This is the simplest artificial neural network possible explained and demonstrated.

- part 1 - simplest network (
**you are here**) - part 2 - backpropagation
- part 3 - backpropagation-continued

Artificial neural networks are inspired by the brain by having interconnected artificial neurons store patterns and communicate with each other. The simplest form of an artificial neuron has one or multiple inputs each having a specific weight and one output .

At the simplest level, the output is the sum of its inputs times its weights.

The purpose of a network is to learn a certain output given certain input(s) by approximating a complex function with many parameters that we couldn't come up with ourselves.

Say we have a network with two inputs and and two weights and .

The idea is to adjust the weights in such a way that the given inputs produce the desired output.

Weights are normally initialized randomly since we can't know their optimal value ahead of time, however for simplicity we will initialize them both to .

If we calculate the output of this network, we will get

If the output doesn't match the expected target value, then we have an error.

For example, if we wanted to get a target value of then we would have a difference of

One common way to measure the error (also referred to as the cost function) is to use the mean squared error:

If we had multiple associations of inputs and target values, then the error becomes the average sum of each association.

We use the mean squared error to measure how far away the results are from our desired target. The squaring removes negative signs and gives more weight to bigger differences between output and target.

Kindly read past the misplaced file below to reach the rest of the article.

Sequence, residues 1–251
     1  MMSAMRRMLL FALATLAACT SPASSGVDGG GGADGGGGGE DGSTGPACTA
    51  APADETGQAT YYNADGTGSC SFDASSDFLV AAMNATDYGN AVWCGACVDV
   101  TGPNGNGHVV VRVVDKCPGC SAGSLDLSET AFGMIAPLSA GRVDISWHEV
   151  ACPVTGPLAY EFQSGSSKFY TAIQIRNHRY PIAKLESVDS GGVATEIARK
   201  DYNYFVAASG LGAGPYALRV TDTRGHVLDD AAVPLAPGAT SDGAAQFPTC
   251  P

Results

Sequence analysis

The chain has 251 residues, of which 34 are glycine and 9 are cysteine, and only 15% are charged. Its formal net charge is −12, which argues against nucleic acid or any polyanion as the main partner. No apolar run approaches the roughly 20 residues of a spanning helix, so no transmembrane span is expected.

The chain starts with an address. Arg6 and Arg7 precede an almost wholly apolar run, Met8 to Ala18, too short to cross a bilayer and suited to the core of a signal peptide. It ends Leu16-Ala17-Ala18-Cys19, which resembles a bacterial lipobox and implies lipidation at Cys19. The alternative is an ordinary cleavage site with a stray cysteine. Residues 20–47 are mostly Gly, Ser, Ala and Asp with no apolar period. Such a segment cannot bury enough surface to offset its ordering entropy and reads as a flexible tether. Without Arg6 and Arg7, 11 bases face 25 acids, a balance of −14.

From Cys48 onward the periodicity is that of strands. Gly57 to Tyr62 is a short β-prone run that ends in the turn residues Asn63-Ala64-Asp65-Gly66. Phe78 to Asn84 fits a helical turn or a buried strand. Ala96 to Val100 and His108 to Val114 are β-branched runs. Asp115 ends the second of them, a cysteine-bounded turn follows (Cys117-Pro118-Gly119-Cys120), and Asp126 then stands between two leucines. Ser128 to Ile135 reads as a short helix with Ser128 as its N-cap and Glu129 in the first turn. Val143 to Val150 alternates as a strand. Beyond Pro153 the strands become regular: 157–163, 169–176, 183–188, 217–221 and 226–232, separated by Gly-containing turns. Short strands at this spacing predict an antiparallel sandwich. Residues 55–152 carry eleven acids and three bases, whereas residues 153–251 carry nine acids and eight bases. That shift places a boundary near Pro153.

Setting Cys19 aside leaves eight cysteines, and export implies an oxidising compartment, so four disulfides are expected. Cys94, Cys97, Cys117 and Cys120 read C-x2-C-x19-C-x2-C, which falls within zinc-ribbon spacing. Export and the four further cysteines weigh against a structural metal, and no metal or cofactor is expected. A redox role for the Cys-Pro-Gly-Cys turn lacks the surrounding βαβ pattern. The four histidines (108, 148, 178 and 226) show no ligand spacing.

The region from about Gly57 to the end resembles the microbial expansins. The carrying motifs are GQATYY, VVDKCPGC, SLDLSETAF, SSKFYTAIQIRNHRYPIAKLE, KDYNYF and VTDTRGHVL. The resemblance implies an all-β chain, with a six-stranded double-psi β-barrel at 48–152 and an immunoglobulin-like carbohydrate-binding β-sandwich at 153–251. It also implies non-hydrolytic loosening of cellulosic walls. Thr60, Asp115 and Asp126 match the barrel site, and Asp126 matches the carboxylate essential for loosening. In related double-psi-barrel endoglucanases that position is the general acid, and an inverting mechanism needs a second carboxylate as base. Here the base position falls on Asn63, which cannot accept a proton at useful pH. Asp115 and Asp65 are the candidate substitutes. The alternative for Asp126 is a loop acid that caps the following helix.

To rectify the error, we would need to adjust the weights in a way that the output matches our target. In our example, lowering from to would do the trick, since

However, in order to adjust the weights of our neural networks for many different inputs and target values, we need a *learning algorithm* to do this for us automatically.

The idea is to use the error to understand how each weight should be adjusted so that the error is minimized, but first, we need to learn about gradients.

It's essentially a vector pointing to the direction of the steepest ascent of a function. The gradient is denoted with and is simply the partial derivative of each variable of a function expressed as a vector.

It looks like this for a two variable function:

Let's inject some numbers and calculate the gradient with a simple example. Say we have a function , then the gradient would be

The *descent* part simply means using the gradient to find the direction of steepest ascent of our function and then going in the opposite direction by a *small* amount many times to find the function *global (or sometimes local) minimum*.

We use a constant called the **learning rate**, denoted with to define how small of a step to take in that direction.

If is too large, then we risk overshooting the function minimum, but if it's too low then the network will take longer to learn and we risk getting stuck in a shallow local minimum.

For our two weights and we need to find the gradient of those weights with respect to the error function

For both and , we can find the gradient by using the chain rule

From now on we will denote the as the term for simplicity.

Once we have the gradient, we can update our weights by subtracting the calculated gradient times the learning rate.

And we repeat this process until the error is minimized and is close enough to zero.

The included example teaches the following dataset to a neural network with two inputs and one output using gradient descent:

Once learned, the network should output ~0 when given two s and ~ when given a and a .

```
docker build -t simplest-network .
docker run --rm simplest-network
```

- Artificial intelligence engines by James V Stone (2019)
- Complete guide on deep learning: http://neuralnetworksanddeeplearning.com/chap2.html

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